The company announced better than expected net profits soared 38 percent to 400 million euros ($430 million), 110 million up on 2015 and outstripping analysts' forecasts of nearer 390 million, amid an 8.8 percent rise in sales to 3.1 billion euros.
Traders received the news well on the Milan bourse as the automaker's share price rose 3.73 percent to 59.75 euros – an all-time closing high, prompting CEO Sergio Marchionne to salute “a good year” as he targeted production of 10,000 units for 2020-2025.
“We are satisfied with the progress we have made,” said Marchionne, saluting a focus on keeping costs under control to bolster operating margin.
“This achievement was led by the success of both the 488 GTB and the 488 Spider,” sports cars, the company said in a statement.
The results were Ferrari's first as a stand-alone company after it split from former parent company Fiat Chrysler and came as it posted shipments topping 8,000 vehicles – an annual rise of 4.6 percent beyond the 7,700 figure for 2015.
Europe and the Middle East saw sales progress 7.7 percent although the rise
was just one percent in China after Ferrari ended a partnership with a Hong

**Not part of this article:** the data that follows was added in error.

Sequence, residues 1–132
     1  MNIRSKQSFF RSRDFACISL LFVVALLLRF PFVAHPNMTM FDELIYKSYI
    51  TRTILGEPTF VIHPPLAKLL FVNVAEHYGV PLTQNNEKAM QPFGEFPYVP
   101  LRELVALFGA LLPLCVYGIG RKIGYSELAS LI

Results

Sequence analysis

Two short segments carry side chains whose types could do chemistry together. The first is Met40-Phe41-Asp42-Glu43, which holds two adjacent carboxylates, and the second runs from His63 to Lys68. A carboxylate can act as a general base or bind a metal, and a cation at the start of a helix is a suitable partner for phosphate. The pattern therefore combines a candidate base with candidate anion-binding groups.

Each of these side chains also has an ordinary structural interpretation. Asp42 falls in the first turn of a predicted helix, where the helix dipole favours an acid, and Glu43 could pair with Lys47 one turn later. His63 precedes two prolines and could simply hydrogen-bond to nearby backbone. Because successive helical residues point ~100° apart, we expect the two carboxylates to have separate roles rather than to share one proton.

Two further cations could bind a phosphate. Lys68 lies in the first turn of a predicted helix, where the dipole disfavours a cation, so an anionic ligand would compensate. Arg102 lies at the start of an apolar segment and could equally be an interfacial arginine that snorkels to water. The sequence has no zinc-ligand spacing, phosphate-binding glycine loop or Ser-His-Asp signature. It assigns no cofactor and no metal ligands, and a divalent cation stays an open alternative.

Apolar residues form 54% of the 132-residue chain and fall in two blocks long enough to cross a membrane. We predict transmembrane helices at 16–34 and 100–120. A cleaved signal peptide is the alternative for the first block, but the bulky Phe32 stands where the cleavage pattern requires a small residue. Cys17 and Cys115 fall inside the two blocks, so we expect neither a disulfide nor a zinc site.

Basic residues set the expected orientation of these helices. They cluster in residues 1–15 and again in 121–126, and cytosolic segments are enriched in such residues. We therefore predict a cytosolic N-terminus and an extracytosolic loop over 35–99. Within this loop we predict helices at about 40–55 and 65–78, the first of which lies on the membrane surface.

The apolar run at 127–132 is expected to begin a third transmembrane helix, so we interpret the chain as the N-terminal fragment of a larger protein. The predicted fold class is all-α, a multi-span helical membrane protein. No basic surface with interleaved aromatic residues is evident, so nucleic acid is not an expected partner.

Kong distributor in the fourth quarter of 2016.
Adjusted earnings before interest, taxes, depreciation, and amortization (Ebitda) rose an annualized 17.6 percent to 880 million euros, ahead of a target of 850 million, while net debt fell to 653 million euros from 797 million.
Ferrari is targeting sales topping 3.3 billion euros in 2017 with debt levels ramped down still further to around 500 million euros, according to the “prudent” hopes of Marchionne, who rejected chasing “unrealistic targets.”
He added he wanted the group to remain faithful to its image as a luxury sports car maker, to maintain the purity of the brand.
While seeking to broaden the base of the producer's clientele, Marchionne said he was not targeting a “huge tribe, but a manageable tribe,” of customers to ensure that Ferrari could surpass 10,000 annual sales “without disrupting the DNA of the brand.”
Ferraris are priced from around 200,000 to 450,000 euros.
The group was founded by Enzo Ferrari in 1947, and will this year celebrate its 70th anniversary.
Regarding Formula One racing, Marchionne said Ferrari had begun “exploring the opportunity of acquiring a participation” and had held talks on the subject with new owner Liberty Media.
US-based Liberty Media recently completed its takeover of motorsport's most prestigious brand in a deal valued at about $8 billion.
But Marchionne urged caution given that a Formula One revenue-sharing accord between team owners expires in three years time.
By Celine Cornu